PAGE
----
The giant African snails (Archachatina marginata) are herbivorous tropical gastropods. They are commonly located in areas littered with decaying vegetable matters which they feed on. When the haemolyph of this organism was passed through Sephadex G-200, the resin was digested. The ability of snails to digest vegetable matters and the digestion of Sephadex G-200 resin by the haemolyph led to the suspicion of the presence of cellulase in snail haemolyph. Cellulase from haemolyph of the giant African snail was purified to homogeneity by a combination of gel filtration on BioGel P-300 and ion-exchange chromatography on DEAE-Sephadex. The homogeneity of the pure enzyme was adjudged by polyacrylamide gel electrophoresis in the absence and presence of sodium dodecyl sulphate. The subunit molecular weight was 16,875±1,556 daltons and the apparent molecular weight as determined by gel filtration was 52,000 daltons. Thus, the enzyme is at least a dimer. The enzyme had a specific activity of 1359.09 units/mg of protein. The Michaelis-Menten constant (Km) for carboxymethyl (CM)-cellulose was 5.17± 0.74 mg/ml and the maximum velocity (Vmax) was 1067±195 units/ml. The enzyme did not degrade salicin, cellobiose and o-nitrophenyl-β-D-glucopyranoside. In addition, its activities towards filter paper and cotton wool were insignificant compared with its activity towards CM-Cellulose. Linamarin was found to inhibit the action of the enzyme to about 18%. The high specificity for CM-cellulose and the rapid decrease in the viscosity of CM-cellulose suggests that the enzyme is likely an endoglucanase.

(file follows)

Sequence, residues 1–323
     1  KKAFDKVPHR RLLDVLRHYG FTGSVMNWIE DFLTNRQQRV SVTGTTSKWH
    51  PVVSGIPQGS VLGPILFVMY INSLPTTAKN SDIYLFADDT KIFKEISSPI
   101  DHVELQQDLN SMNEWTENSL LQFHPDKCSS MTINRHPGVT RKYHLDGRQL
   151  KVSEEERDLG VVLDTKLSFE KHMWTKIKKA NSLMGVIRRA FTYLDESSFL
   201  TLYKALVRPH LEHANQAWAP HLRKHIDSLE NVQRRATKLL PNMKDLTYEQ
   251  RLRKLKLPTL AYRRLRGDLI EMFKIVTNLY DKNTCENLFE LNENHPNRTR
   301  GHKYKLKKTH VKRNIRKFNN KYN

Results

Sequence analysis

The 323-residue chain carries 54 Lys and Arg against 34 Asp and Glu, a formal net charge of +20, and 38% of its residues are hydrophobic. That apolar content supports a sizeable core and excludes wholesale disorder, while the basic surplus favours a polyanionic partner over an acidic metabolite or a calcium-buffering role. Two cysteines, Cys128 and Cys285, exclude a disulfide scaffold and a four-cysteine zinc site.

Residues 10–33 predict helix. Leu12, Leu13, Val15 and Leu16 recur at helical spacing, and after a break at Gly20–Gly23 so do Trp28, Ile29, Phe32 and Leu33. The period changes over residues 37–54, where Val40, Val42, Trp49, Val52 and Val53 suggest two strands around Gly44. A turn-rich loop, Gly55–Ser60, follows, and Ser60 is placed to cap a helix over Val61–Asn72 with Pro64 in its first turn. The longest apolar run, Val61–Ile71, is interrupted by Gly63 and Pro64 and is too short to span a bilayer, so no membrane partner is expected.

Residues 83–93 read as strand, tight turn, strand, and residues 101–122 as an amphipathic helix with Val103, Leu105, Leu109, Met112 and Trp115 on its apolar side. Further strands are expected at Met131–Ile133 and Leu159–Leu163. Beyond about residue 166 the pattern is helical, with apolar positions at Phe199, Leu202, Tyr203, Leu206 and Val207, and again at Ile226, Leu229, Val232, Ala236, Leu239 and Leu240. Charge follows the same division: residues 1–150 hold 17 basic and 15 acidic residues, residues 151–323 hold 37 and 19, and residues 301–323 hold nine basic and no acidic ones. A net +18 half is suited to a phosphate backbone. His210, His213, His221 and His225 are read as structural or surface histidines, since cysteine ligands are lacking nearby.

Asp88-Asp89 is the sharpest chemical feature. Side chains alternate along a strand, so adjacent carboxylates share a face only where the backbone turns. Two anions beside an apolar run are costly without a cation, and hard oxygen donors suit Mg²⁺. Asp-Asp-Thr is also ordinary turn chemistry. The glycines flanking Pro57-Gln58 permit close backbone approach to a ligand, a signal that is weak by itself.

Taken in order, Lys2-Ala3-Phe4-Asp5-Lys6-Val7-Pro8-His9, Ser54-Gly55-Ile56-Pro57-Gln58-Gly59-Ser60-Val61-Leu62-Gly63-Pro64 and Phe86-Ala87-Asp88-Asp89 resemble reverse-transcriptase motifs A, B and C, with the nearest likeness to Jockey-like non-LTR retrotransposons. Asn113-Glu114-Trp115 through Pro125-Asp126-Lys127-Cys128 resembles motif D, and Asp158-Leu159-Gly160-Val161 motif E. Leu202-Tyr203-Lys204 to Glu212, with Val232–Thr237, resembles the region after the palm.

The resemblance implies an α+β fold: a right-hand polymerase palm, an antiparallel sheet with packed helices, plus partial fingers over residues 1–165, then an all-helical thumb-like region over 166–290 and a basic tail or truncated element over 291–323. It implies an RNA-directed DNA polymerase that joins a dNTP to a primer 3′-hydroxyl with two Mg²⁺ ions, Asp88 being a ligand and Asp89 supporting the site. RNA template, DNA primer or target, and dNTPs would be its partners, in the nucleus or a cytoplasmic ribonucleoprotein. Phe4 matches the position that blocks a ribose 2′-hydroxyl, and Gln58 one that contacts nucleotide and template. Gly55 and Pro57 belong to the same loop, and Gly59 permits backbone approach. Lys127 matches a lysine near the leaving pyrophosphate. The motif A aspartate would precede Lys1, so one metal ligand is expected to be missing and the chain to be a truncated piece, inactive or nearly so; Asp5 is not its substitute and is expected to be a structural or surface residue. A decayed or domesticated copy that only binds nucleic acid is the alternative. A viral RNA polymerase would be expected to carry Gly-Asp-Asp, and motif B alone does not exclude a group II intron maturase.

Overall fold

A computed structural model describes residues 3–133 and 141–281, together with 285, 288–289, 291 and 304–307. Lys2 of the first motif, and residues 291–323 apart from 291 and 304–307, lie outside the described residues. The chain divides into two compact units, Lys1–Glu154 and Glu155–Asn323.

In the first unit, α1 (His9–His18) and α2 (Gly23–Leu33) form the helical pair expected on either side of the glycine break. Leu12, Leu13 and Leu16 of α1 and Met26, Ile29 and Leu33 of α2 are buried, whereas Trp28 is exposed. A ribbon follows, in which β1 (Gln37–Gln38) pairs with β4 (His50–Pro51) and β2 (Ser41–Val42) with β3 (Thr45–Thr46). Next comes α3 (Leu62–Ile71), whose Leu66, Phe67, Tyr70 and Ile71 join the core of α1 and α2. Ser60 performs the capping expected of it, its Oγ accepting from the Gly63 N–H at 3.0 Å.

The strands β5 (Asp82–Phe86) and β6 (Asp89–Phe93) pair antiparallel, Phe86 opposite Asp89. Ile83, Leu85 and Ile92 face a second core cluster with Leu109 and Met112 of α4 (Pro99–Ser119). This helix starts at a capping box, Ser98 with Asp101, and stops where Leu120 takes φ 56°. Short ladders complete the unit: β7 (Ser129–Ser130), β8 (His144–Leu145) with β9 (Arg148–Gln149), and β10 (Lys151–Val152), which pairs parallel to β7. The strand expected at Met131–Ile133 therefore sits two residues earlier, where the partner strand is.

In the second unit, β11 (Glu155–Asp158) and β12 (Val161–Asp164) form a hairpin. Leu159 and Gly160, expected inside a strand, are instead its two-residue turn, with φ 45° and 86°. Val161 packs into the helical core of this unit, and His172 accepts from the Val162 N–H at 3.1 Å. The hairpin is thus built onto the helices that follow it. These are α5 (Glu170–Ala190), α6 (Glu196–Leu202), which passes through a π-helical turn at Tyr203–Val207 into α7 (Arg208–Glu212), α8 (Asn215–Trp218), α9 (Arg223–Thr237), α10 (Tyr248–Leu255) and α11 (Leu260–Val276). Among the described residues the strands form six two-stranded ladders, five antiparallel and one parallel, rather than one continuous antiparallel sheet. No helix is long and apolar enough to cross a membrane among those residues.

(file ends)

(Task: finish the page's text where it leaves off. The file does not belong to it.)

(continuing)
Key words: Snail, cellulase, endoglucanase, heamolymph, gastropod.
Copyright © 2022 Author(s) retain the copyright of this article.
This article is published under the terms of the Creative Commons Attribution License 4.0